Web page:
War of the Rebellion: Serial 040 Page 0165 Chapter XXXVII. CORRESPONDENCE, ETC.-UNION.

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CHARLESTON, W. VA., March 29, 1863-8 a. m.

Lieutenant-Colonel CHESEBROUGH:

Yesterday I sent this to General Cox:

Two cavalry forces are coming down Sandy toward Ceredo, one on either side of the river. Hear of fighting yesterday at Louisa all day. Posts were immediately warned, and scouts were ordered on all approaches; meantime heard from Lewisburg that Jenkins was en route here with 1,500 cavalry, via Sandy. Colonel Paxton, with some 300 men, had been ordered to scout from Camp Piatt, through Boone and Logan Counties. He returned last night with 7 prisoners; two officers. Lewisburg informant says it is to attack Baltimore and Ohio Railroad and Summerville by collecting men in small squads and meeting at a common rendezvous.

The Twenty-third Regiment is here, with three pieces of artillery. Fayette is watchful. Please hurry the horses and saddles, and, if you can, give us the force we had before Crook and Ewing left Valley.

E. P. SCAMMON,

Brigadier-General.

CHARLESTON, W. VA., March 29, 1863-8 p. m.

Lieutenant-Colonel CHESEBROUGH:

This morning was advised that Jenkins had attacked my outposts at Hurricane Brigade, 12 miles west of Coalsmouth, but troops were four companies of Fifth Virginia, very well posted, and, after four hours' fighting, report the enemy in retreat. Have sent three more companies to strengthen the post. Our loss trifling.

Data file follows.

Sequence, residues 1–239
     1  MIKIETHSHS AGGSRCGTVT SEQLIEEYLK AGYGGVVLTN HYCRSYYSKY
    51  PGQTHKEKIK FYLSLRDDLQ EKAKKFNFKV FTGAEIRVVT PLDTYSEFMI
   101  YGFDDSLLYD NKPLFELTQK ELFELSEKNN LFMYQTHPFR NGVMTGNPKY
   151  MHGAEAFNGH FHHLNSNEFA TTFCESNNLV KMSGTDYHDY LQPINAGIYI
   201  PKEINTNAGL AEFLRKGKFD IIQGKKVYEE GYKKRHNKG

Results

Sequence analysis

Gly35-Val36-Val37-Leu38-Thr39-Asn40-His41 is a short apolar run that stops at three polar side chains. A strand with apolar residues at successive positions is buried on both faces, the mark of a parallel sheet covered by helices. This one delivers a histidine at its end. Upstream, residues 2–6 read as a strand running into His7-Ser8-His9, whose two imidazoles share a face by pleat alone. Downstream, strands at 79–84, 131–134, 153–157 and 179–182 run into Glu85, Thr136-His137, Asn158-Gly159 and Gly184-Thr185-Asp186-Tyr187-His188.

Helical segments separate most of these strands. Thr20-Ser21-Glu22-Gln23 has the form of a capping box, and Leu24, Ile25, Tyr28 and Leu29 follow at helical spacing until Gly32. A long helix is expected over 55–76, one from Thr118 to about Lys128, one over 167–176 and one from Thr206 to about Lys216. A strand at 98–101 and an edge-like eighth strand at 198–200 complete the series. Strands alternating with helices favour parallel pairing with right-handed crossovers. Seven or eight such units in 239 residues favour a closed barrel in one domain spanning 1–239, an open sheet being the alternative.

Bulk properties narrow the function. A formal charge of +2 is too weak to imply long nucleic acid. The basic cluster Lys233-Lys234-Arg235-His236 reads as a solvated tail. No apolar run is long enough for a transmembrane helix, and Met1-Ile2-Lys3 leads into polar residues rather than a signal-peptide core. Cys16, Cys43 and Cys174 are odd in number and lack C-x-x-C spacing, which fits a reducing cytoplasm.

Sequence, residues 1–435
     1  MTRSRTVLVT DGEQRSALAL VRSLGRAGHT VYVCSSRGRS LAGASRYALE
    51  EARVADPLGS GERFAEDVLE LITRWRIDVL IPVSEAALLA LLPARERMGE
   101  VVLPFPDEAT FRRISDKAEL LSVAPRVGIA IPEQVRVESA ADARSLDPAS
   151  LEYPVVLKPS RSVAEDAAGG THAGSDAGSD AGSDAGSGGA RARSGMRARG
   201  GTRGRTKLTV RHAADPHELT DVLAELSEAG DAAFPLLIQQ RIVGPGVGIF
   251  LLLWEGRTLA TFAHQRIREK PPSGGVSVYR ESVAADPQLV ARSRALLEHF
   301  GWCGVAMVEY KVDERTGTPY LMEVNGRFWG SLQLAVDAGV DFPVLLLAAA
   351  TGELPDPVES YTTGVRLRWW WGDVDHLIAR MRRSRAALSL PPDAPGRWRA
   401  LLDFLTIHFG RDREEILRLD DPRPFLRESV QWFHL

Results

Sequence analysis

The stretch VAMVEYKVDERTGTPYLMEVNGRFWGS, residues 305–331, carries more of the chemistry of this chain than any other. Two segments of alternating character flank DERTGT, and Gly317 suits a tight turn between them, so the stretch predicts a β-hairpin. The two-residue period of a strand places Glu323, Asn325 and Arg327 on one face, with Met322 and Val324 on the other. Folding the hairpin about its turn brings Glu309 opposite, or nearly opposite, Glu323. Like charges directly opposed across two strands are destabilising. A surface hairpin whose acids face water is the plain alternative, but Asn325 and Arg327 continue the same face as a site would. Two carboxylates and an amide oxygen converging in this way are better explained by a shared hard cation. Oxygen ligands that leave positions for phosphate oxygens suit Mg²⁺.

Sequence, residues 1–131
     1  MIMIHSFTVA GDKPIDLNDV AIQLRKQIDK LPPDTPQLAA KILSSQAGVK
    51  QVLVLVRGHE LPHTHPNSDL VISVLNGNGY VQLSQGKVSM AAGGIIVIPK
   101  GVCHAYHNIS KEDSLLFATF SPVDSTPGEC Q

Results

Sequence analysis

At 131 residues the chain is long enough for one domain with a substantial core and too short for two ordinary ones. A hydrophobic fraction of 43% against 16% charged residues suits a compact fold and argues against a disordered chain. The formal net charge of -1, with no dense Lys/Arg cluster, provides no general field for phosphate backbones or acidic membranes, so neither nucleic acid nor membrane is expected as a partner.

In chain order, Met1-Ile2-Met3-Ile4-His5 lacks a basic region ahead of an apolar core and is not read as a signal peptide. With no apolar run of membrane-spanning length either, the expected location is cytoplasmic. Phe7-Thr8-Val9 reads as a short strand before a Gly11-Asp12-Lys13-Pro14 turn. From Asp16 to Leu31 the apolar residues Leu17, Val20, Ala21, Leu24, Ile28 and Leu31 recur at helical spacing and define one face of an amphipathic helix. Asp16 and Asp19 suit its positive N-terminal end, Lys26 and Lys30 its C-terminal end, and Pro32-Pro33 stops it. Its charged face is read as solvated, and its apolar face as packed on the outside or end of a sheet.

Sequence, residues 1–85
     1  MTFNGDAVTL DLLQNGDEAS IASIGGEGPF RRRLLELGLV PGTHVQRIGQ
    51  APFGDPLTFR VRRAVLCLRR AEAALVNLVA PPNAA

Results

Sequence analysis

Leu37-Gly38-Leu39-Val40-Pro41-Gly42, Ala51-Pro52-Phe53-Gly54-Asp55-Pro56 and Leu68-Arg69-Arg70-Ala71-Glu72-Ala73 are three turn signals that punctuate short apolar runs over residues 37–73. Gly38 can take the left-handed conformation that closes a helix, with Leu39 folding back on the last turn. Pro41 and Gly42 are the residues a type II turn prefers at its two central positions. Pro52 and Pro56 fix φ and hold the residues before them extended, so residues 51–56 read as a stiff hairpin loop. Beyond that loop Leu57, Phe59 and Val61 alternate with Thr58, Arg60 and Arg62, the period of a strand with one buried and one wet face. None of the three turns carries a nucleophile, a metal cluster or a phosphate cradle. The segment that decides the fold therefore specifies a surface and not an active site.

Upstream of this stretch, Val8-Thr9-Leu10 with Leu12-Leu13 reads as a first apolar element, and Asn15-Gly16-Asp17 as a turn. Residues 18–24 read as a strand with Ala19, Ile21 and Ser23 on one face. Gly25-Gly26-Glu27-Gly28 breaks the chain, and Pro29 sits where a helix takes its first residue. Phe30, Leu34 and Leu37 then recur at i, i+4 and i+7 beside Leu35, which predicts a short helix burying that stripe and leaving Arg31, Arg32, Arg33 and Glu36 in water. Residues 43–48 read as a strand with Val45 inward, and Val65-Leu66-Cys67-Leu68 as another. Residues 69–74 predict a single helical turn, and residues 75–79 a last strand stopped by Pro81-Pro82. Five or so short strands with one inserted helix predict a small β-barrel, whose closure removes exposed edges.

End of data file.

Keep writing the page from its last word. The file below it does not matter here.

Colonel Toland reports that he has scouted the country 50 miles beyond Fayette, toward Pack's Ferry, and head of Coal. No enemy there. In this connection I beg to say that I have been trying for months to get horses to transport men to the front with celerity; this, for defense, would be best policy; offensively, we can do nothing without them. My troops are few and the district large; therefore rapid movement or nothing. I beg the general commanding army corps to order at least 2,000 horses with equipments for this district, otherwise we are necessarily harassed. later intelligence shows the attack at Hurricane had been by 400 men. We lost 4 killed, 5 wounded. Enemy's loss not given, but report speaks of a wounded prisoner, who says there are more rebel troops coming. He says there will be 20,000; this I give as received, but I doubt not that an attempt will be made on the Valley; if not, the way will be open for us to attack the railroad and salt-works, if we have means of locomotion and men to use them. This talk of prisoner accords with report received from Lewisburg; force exaggerated, I presume, but all indicating the purpose of the enemy to be what would make our increase profitable in any event, and indispensable if reports be true. At present we are too few for so wide a district, embracing so important a portion of the Ohio River.

E. P. SCAMMON,

Brigadier-General.

MARIETTA, OHIO, March 29, 1863.

Lieutenant Colonel W. H. CHESEBROUGH,

Assistant Adjutant-General:

Reports from Kanawha region whew that some rebel cavalry force has come in from Kentucky; a brisk skirmish took place day before yesterday at Hurricane Bridge, about 12 miles south of Red House, in which the enemy were driven off. Report to-night of one of the Kanawha